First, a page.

Rebecca Rhynhart and John Street. Photo: Carlos Nogueras
Rebecca Rhynhart and former Philly mayor John Street. Photo: Carlos Nogueras / AL DÍA News

Rebecca Rhynhart endorsed by former Philly mayor John Street

Street, citing numerous concerns with the city’s budget, said Rhynhart was the “best qualified” in the mayoral candidate pool.


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Mayoral candidate Rebecca Rhynhart begins a busy week for her campaign with an endorsement from John Street, the former Philly mayor who served two terms in the early 2000s. 

Street, who joined Rhynhart at a press conference located in the city’s Northwest region to offer his endorsement, said that “of the 108 candidates I’ve seen run for mayor, she’s the most qualified of all of them” including himself and his predecessor, Ed Rendell, on the list. 

Honing in on Rhynhart’s work as City Controller, Street said she was “unique in her capacity to understand and appreciate the challenges that the next mayor is going to face.” 

Before diving into Philly’s crowded mayoral 2023 race, Rhynhart served as the city’s fiscal watchdog in many capacities, for almost a decade, and under many administrations. 

In the Michael Nutter years, Rhynhart rose through government ranks, starting as a City Treasurer, and eventually becoming Budget Director and the Chief Administrative Officer of the city’s affairs. 

And in 2018, she launched a campaign to unseat the incumbent City Controller, Alan Butkovitz. 

In doing so successfully, she became the first woman elected to the Controller’s office by a 17-point margin at the end of the race. 

Rhynhart has staunchly maintained her position is above adequate, being the candidate uniquely close to how the city manages its finances. When she announced her mayoral bid last October, she said her experience would “turn audits into action, proposals into policy, and recommendations into results that make life better for Philadelphians.”

Under the administrations she’s served, according to Rhynhart, she was able to put forth proposals based on her audits, but found herself unable to act.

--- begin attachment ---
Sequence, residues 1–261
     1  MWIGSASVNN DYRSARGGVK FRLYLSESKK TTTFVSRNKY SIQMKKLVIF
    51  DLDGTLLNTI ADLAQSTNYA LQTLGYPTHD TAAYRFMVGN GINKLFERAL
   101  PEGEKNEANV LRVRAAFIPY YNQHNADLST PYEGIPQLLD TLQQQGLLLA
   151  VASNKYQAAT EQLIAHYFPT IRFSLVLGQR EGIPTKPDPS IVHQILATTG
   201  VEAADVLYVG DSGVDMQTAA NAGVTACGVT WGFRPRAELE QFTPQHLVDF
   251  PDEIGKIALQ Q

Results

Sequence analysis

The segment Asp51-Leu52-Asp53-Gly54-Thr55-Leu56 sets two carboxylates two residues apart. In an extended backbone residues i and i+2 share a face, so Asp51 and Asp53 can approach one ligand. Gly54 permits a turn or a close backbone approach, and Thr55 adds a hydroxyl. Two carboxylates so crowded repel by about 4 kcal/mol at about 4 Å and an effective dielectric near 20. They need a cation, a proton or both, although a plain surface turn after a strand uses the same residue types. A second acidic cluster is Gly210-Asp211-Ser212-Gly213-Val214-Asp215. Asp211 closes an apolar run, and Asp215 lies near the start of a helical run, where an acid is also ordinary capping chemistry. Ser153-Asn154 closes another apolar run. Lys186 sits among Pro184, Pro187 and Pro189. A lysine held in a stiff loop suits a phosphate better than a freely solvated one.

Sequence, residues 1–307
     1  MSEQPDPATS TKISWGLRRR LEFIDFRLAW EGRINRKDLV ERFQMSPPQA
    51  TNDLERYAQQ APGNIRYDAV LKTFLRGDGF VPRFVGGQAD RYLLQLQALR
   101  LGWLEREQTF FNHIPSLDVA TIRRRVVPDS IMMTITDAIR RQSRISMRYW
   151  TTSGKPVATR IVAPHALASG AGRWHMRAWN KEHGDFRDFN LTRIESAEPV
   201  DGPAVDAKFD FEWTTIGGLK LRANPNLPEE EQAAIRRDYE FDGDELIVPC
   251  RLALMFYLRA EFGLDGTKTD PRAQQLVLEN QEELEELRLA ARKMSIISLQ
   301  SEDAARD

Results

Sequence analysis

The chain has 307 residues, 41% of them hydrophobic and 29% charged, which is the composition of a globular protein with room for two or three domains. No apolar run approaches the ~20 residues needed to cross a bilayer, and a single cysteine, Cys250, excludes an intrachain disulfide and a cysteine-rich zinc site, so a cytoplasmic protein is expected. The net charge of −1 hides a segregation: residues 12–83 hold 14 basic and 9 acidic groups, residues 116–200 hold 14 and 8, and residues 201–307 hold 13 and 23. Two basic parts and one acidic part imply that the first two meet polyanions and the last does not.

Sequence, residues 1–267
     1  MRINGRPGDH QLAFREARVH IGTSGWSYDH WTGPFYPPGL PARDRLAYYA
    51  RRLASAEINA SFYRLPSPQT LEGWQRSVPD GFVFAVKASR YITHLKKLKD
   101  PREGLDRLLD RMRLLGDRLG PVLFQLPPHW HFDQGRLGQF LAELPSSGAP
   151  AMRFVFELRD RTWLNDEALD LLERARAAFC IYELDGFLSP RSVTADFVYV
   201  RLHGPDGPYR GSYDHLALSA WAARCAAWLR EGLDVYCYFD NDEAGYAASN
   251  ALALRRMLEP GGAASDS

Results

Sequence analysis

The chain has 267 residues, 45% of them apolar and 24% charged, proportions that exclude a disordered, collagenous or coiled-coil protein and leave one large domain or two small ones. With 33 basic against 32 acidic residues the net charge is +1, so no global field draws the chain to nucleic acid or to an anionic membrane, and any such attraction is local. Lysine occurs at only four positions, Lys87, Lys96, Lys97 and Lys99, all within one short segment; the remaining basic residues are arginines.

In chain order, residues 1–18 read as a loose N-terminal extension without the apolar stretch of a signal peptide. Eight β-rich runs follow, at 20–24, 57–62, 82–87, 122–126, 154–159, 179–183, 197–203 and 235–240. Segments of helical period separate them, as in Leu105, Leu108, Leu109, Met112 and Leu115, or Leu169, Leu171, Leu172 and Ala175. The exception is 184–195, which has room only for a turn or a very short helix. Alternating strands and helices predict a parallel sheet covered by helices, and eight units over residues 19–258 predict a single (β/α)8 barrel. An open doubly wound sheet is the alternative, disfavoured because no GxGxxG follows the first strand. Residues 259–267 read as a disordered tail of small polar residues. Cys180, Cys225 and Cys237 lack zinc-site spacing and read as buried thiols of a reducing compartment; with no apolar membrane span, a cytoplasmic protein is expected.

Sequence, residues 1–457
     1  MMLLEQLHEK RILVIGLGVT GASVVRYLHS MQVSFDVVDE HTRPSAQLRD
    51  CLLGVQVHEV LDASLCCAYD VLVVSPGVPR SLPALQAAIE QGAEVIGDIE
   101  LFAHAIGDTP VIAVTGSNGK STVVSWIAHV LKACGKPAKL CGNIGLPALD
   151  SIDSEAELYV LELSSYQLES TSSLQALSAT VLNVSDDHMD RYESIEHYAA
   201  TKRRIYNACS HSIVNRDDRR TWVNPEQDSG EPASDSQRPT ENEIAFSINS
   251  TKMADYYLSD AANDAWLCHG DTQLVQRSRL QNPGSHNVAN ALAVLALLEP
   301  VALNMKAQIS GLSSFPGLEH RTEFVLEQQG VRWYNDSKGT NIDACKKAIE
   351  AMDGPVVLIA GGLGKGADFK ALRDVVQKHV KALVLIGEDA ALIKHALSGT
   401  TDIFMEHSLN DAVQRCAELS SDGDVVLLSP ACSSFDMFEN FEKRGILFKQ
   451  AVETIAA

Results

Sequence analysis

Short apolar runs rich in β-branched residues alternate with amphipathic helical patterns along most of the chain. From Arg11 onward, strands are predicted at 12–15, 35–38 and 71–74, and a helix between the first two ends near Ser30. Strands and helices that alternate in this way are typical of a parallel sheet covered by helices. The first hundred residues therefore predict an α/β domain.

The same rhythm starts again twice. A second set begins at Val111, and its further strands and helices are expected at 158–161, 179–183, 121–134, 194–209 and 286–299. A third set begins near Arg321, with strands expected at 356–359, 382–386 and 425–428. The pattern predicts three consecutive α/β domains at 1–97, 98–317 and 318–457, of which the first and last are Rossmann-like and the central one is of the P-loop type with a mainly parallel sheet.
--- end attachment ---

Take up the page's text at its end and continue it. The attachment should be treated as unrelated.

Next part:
“I’ve made thoughtful recommendations, but that’s where the power of my office ended,” Rhynhart said at an event in January. 

Her lasting legacy as Controller includes a scathing, 85-page review of spending within the Philadelphia Police Department that outlined staffing issues, slow response times, and inconsistent strategies. 

Street was also not shy about city spending during the Jim Kenney administration. 

“City services appear to be inadequate, inconsistent, or in some cases non existent. There's a crisis of hope in the city,” he said. 

Responding to Street’s endorsement, Rhynhart said she would also model her mayoral leadership after some of her endorsee’s successes. 

“It truly, truly is an honor to have Mayor Street's endorsement,” Rhynhart said in her remarks. “I'm so honored to have Mayor Street's endorsement because during his time as mayor, he wasn't afraid to tackle the issues head on.” 

Spending habits

City spending came to the forefront of the announcement, as Street — similarly to Rhynhart — questioned the current administration’s ability to spend effectively. 

“Not only are the expenditures high, the services are very sketchy,” Street said, and added the fiscal purview may be beyond other candidate’s ability to navigate.

“I'm not trying to knock anybody, right. I really appreciate the fact that a lot of these candidates are good, solid candidates. I mean, they're not bad people. But many of them just don't really know much about the way the city works, its limitations and the lot,” he continued. 

As the question of spending habits remained latent, Rhynhart said the city needed “strategic spending.” 

“Something that I did as Controller for years and years was call out wasteful spending. Say that we need to do things better, we need to be more intentional with where the anti-violence money goes with how services are provided,” Rhynhart said.


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